|Photo by photo: Julie Lemberger|
|"Charge", Bianca Johnson, Eden Mazer, Keith Sabado, Alexandra Berger, Paulina Danilczyk and Elisa Osborne, left to right.|
Good flight, cloying Magi
Dusan Tynek Dance Theater's Debut concert shows strength, but grows too sweet around the edges.
By QUINN BATSON
The Dusan Tynek Dance Theater (DT-squared) made good use of the Kitchen to make their Debut. Tynek showed a strong piece, a good piece and a dumb piece in his first evening-length concert, and he made good costume, lighting design and musical choices with a well-cast group of strong dancers. Tynek's strengths as a choreographer are excellent close partnerings and an appealing human sweetness, but the sweetness occasionally goes too far.
The evening began with the impressive "Pilot's Dream," a work in seven joined parts. Veteran Mark Morris dancer Keith Sabado, as the pilot, showed he retains good physicality and subtlety in his opening solo, begun in spotlit slow-motion silhouette. A motif of springing leaps ending in push-up position flavored both Sabado's solo and the subsequent solo by Tynek, with Tynek's becoming quicker and smoother. Windmill arms and contracting collapses, sometimes quick and startled, also set the style, with softly wiggling hips previewing later, softer movements.
|DUSAN TYNEK DANCE THEATER|
|Choreography by: Dusan Tynek.|
Dancers: Alexandra Berger, Richard Daniels, Paulina Danilczyk, Francisco Graciano, Jennifer Howard, Bianca Johnson, Eden Mazer, Elisa Osborne, Keith Sabado, Dusan Tynek.
Music by: Eric Satie, Anibal Troilo, Philip Glass.
Costumes by: Micheline Brown, A. Christina Giannini.
Lighting design: Roderick Murray
512 West 19th St. (btw. 10th and 11th Ave.)
Dec. 3-6, 2003
Tynek then slowly, tentatively woke the sleeping Sabado to begin the first of several good duets in the piece. These duets were physical but subtle, with partners leaping onto the sides or backs of the other and falling into or onto each other smoothly. After dreamy music by Satie in the first two parts, string music by Anibal Troilo gave this first duet a taste of folk dance theater.
For the fourth section, Tynek entered slowly, carrying the exquisite feminine creature Jennifer Howard, who dances as well as she looks. Their ensuing duet showed all of Tynek's choreographic strengths, and Spanish guitar and a beautifully odd one-legged, midriff-baring costume by Micheline Brown for Howard completed the overall excellence of this section. One memorable bit had Howard, eyes blinking rapidly, softly extending to and then retracting her fingers from Tynek's tentatively offered hand, the two not quite able at this point to let themselves connect.
|Photo by photo: Julie Lemberger|| |
|"Pilot's Dream", Keith Sabado and Dusan Tynek, left to right.|| |
The guitar got louder and brighter for the fifth section, which added Eden Mazer to the other three dancers, for soft, swinging movement with much running, flowing sauté turns and, also, dancers unceremoniously dropped on the floor to break the flow here and there.
A third strong duet followed with the elfish Tynek partnering his huge-eyed, fluffy-haired Winona Ryderish female counterpart, Mazer, dressed beautifully again by Brown in a subtly striped sleeveless burgundy jacket-dress with long burgundy gloves. Here again there was great close work and some interesting paired spinning.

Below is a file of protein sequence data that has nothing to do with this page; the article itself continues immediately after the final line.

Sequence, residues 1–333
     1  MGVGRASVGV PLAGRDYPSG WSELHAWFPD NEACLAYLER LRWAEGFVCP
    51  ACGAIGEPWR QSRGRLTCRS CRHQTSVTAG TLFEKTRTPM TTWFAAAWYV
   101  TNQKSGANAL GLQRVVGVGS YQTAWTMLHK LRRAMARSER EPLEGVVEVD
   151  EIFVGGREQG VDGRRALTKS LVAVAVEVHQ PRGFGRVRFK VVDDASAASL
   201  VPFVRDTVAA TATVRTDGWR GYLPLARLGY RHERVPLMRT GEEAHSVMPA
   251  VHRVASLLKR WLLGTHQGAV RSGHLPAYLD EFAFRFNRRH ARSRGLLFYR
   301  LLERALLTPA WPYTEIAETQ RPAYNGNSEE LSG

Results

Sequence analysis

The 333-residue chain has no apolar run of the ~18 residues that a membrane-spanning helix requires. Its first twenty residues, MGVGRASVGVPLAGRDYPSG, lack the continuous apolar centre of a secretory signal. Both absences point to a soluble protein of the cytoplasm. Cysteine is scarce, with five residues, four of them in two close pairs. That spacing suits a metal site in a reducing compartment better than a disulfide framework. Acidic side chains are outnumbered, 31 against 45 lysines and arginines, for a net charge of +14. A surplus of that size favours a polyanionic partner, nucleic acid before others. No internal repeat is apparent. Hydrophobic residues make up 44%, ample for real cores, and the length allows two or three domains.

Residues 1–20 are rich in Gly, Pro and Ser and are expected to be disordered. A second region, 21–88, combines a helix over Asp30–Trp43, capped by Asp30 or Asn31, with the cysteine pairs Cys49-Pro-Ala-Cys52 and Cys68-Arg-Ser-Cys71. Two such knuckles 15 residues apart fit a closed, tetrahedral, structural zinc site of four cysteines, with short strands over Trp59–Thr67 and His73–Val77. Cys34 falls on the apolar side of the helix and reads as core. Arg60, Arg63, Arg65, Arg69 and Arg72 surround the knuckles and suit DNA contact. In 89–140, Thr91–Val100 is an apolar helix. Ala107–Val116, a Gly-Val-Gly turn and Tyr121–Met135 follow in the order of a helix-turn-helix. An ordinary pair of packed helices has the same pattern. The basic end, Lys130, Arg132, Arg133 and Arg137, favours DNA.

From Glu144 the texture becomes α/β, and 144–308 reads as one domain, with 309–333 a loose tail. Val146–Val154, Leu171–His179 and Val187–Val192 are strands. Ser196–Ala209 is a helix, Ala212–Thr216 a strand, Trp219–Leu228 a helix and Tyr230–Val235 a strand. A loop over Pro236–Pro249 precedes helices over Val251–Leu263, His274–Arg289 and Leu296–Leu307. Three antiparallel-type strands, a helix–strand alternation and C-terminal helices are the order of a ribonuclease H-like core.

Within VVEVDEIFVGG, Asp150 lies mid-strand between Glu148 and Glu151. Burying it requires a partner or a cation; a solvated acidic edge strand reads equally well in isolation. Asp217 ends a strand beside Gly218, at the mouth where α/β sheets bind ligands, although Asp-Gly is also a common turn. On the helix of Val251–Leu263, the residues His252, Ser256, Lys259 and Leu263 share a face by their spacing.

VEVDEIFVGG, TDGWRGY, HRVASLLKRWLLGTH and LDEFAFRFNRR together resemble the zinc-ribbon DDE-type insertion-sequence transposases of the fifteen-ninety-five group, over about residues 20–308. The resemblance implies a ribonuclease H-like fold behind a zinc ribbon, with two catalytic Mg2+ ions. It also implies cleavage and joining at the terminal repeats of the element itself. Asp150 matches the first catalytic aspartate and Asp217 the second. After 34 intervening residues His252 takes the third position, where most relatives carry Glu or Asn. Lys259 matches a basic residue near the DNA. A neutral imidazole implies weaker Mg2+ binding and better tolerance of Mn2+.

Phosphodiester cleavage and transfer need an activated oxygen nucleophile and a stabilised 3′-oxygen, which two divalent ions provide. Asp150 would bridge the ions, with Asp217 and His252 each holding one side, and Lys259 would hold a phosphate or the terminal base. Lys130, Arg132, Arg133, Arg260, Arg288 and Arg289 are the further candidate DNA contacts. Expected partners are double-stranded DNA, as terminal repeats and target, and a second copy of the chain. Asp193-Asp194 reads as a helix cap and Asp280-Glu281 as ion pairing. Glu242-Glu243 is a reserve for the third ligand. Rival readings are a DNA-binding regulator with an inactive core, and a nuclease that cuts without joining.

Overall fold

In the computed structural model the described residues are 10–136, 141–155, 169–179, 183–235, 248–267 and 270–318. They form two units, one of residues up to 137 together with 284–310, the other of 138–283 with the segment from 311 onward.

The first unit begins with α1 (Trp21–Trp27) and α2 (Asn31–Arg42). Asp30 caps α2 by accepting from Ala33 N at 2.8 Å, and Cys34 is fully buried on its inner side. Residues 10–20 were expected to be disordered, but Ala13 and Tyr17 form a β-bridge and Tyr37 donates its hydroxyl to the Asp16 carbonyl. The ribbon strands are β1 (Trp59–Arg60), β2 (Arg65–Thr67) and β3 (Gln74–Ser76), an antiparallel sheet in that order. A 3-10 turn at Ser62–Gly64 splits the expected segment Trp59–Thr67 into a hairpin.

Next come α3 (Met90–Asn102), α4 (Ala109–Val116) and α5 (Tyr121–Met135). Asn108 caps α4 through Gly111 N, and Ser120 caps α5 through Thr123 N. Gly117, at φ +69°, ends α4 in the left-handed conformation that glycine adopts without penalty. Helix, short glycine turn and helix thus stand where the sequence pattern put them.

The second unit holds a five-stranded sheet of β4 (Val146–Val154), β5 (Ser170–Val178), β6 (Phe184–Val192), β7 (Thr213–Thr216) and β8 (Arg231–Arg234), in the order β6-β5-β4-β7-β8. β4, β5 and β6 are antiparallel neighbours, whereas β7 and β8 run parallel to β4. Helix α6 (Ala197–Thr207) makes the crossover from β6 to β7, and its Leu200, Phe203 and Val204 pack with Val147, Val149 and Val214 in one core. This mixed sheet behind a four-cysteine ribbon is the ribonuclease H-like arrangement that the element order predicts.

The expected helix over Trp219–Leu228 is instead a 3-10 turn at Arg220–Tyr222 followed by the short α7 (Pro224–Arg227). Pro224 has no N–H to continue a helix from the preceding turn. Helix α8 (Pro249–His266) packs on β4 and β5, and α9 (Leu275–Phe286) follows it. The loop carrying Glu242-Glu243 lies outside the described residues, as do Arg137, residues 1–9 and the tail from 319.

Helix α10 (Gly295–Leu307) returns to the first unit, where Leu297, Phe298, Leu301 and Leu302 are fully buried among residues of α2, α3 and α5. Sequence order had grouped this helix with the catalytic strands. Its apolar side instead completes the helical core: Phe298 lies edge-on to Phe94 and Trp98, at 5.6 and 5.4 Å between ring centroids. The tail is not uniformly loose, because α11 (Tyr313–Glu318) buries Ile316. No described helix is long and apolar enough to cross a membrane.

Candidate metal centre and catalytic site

The final section of "Pilot's Dream" introduced flying, with Sabado flown around stage by the other three, in leisurely and inventive variations. Also following through from their earlier tentativeness, Tynek and Howard finally connect in a sweet bit begun with head-to-head contact, another recurring characteristic of Tynek's choreography. Sabado finished the piece as he began it, soloing slowly in a spotlight as the others receded offstage.
After intermission, "Charge" swirled right into classic Philip Glass music from 1987, in beautifully watery costumes by A. Christina Giannini and moody, intriguing lighting by Roderick Murray. There were no big surprises here, but the choreography worked well with the music and the piece was danced smoothly and cleanly by Alexandra Berger, Paulina Danilczyk, Francisco Graciano, Bianca Johnson, Mazer, Elisa Osborne and Sabado. The movement was full of fast chainé turns and repetitive, sweeping forward and back running and fast walking, with a recurring motion initiated by Mazer of rising slowly straight up on toe, then slowly falling sideways to run off, later done simultaneously by the whole group, with much sliding to the floor. Married as it was to the endlessly cycling music of Glass, the choreography came very close to excessive repetition but succeeded overall.
| ||One memorable bit had Howard, eyes blinking rapidly, softly extending to and then retracting her fingers from Tynek's tentatively offered hand, the two not quite able at this point to let themselves connect.|
Too bad the same wasn't true for the last piece, "Wardrobe Spectre," a possibly cute five-minute concept extended into a much longer spectre. The initial idea of a wardrobe person being seen as almost one of the Magi bearing exotic and treasured objects of clothing to near-naked dancers seated silently waiting with their backs to the audience was humorous, and the opening of the piece was beautiful, but by taking the concept to absurd lengths and ending up with dancers wearing five layers of clothing in a sort of vaudeville schtick, the piece got pretty cloying pretty quickly.
Overall "Debut" was a good first showing by a young choreographer, presented well and generously.
|DECEMBER 15, 2003|
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Reader comments on Dusan Tynek Dance Theater:
I forgot from Maria Sabado Pehling, May 24, 2008
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